As with food, checks can also go stale. How long do you have until an outstanding check becomes stale? The “expiration date” on personal checks is commonly accepted as six months after the date of issue, which is approximately 180 days old. This is what is meant by a stale or stale-dated check.
What Is the Effect of a Stale Check?
Allowing the amount of time to elapse for a check to become stale can create multiple issues in claiming the payment. If you are the recipient or payee of a stale-dated check, you will want to know your options for cashing or depositing the old check.
The Uniform Commercial Code mandates comprehensive guidelines for financial transactions including the expiration of checks. A check that has not been cashed within that 180-day timeframe is known as stale or stale-dated. However, this doesn’t apply to a cashier’s check.
New checks should bear an issue date at the time they are drafted. Stale checks are uncashed checks that have been issued for at least a length of time 180 days from the issue date.
Ultimately, a stale-dated check is one that is at risk of not being honored. Allowing a check to become stale increases the chances of the funds becoming unclaimed property. The longer you wait to cash or deposit a check, the greater the chance that stale check is bad. In this situation, a check will be returned for deposit at a later date when the funds might not be available.
Can You Cash a Stale-Dated Check?
While the UCC places banks under no obligation to cash stale checks, many banks and credit unions may go ahead and cash the check even beyond six months. The disclaimer here is that banks are not under any obligation to honor a stale-dated check. Further, banks are not required to cash a check for non-customers.
A bank may require due diligence before cashing an old check. Most banks will require identification, but it is a good idea to call ahead and ask. If you have a bank account at the same bank, it will help, and many banks charge non-customers for check cashing.
Banks might still decide to cash the check or allow a deposit, but the issuer may not have the funds in their checking account or savings account to cover the check. Additionally, the check writer or financial institution might outright reject the transaction. A stop payment order might have been placed on an uncashed check for security purposes.
A returned check is one that has been declined to be honored by a bank. This often happens if there are insufficient funds in the account. Essentially, this is a bad check. Allowing too much time to elapse can increase the chances of a returned check.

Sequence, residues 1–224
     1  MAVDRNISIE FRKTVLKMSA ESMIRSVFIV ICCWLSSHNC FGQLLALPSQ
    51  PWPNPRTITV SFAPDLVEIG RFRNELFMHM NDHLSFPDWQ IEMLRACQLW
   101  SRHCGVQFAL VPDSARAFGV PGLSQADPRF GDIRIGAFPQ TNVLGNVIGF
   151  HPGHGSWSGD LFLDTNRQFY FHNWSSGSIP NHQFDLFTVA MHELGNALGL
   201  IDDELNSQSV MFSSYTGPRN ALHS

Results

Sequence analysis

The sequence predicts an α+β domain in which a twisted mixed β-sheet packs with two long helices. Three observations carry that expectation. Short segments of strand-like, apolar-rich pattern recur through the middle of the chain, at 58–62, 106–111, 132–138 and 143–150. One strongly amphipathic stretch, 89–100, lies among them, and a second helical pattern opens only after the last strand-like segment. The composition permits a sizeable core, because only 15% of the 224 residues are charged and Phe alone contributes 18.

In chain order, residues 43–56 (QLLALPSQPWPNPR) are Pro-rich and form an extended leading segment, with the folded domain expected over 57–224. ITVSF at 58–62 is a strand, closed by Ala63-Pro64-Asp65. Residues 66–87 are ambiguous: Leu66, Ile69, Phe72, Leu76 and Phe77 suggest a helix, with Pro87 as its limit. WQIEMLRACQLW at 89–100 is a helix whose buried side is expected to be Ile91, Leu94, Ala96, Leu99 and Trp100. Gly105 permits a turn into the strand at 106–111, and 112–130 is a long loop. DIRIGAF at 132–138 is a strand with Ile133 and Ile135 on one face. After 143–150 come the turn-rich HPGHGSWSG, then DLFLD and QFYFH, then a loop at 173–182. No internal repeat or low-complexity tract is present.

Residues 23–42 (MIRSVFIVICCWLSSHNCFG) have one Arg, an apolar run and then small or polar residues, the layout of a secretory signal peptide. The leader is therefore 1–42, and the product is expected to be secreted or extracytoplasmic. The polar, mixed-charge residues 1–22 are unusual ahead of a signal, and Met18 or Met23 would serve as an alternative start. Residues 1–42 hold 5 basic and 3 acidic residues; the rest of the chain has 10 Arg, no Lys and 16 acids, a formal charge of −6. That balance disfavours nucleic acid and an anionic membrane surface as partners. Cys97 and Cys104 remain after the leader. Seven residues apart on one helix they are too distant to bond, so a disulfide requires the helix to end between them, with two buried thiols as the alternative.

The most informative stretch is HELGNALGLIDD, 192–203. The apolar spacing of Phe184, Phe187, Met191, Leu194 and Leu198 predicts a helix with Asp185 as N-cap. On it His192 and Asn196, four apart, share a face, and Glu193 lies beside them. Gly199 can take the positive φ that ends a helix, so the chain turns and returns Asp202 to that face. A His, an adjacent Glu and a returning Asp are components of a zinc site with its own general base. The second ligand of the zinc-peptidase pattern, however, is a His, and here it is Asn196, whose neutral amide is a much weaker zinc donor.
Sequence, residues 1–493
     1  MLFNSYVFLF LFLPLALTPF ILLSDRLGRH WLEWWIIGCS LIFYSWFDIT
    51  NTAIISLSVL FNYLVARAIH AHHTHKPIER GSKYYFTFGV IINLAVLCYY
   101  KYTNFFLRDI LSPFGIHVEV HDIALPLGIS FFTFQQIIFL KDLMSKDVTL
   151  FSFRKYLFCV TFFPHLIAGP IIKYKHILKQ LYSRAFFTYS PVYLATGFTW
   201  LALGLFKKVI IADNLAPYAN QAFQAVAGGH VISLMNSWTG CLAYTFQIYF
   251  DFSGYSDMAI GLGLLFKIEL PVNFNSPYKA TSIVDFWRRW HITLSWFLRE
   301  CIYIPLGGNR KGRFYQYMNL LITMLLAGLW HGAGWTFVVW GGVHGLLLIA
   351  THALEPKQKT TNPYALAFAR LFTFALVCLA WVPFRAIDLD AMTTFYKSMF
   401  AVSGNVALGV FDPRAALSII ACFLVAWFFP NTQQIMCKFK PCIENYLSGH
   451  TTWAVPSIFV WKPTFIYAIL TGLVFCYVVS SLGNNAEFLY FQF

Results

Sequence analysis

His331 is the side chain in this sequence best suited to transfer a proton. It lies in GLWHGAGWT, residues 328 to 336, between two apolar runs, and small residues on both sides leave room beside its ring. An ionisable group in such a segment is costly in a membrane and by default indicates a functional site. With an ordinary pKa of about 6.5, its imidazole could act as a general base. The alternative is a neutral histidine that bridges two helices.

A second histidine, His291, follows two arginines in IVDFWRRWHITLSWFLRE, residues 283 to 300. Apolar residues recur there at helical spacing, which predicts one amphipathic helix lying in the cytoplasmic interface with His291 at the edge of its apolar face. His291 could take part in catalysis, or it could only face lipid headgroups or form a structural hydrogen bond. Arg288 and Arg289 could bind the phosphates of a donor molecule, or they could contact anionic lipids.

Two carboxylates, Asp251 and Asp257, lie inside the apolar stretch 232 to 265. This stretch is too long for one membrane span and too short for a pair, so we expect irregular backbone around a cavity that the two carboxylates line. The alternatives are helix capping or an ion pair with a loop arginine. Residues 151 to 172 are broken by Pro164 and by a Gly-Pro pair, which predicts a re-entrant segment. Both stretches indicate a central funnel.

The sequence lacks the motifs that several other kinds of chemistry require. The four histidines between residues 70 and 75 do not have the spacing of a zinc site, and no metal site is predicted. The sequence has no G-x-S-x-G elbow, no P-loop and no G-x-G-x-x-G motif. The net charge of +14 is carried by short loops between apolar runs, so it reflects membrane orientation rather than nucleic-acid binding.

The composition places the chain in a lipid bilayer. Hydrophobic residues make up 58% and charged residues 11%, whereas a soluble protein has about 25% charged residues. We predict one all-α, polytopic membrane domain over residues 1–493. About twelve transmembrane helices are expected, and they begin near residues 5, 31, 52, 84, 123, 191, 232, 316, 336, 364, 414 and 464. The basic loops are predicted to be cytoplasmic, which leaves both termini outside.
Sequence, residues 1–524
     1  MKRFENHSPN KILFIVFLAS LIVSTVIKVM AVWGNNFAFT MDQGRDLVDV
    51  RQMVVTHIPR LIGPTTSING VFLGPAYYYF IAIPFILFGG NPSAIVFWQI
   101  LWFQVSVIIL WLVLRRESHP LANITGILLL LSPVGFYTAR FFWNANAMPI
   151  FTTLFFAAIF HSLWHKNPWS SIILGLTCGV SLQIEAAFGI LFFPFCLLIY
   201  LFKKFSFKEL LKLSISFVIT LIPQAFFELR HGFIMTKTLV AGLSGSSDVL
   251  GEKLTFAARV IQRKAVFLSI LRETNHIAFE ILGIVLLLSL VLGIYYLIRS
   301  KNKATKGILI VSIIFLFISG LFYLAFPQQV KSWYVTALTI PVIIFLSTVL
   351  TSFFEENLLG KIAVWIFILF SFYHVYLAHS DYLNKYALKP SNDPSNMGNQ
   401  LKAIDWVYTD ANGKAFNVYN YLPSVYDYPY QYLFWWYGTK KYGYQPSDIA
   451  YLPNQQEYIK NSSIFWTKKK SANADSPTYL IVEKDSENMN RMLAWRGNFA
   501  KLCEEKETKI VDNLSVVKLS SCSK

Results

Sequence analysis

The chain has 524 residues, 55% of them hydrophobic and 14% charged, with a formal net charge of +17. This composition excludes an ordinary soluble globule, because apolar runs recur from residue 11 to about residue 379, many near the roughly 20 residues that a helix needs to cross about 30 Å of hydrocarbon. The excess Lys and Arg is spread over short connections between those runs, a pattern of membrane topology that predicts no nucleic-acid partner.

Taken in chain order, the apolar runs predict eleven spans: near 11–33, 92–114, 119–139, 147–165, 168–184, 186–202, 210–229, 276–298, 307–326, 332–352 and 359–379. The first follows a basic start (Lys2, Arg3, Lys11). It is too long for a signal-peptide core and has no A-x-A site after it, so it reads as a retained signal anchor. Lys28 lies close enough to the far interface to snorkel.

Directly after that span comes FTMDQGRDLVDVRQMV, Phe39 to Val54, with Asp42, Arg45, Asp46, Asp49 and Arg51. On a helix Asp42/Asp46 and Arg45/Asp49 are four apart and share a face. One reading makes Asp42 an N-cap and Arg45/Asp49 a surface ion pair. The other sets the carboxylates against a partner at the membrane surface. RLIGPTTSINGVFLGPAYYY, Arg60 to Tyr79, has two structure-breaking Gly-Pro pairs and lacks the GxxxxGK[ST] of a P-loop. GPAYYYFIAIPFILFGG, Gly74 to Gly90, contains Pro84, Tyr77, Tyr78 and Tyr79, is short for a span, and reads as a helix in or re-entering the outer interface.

Can Stale Checks Be Reissued?
For a payroll check, it is best to contact the employer to reissue the check. Stale checks can create bookkeeping issues for business owners. Payroll checks are often void specifically after 90 or 180 days and this will be printed on the check, and these checks likely will not be cashed or deposited after the number of days indicated. In any case, the bank will make any final determination on rejecting or honoring a check.
Government checks, such as U.S. Treasury checks and tax refund checks, typically are good for a year. If a government check is lost or stolen, you will have to contact the issuing government agency. For example, IRS.gov indicates that a taxpayer should contact the IRS directly to initiate a trace before the replacement check can be reissued.
Personal checks can be replaced by the issuer, so it is best to reach out directly to the person who wrote the check. That way, they know to have enough funds in the account to avoid a returned check or becoming overdrawn. There is also a chance the check writer might have issued a stop payment thinking the check had become lost or stolen.
Ultimately, if a stale check is uncashed for too long, the funds will go into the escheatment process whereby the money will become unclaimed property per state law. At this point, the check is not cashable, and you must file a claim directly with the state to recover it.
Hashaw Elkins is a financial services and tax professional, as well as a project management consultant. She has led projects across multiple industries and sectors, ranging from the Fortune Global 500 to international nongovernmental organizations. Hashaw holds an MBA in Real Estate and an MSci in Project Management. She is further certified in organizational change management, diversity management, and cross-cultural mediation.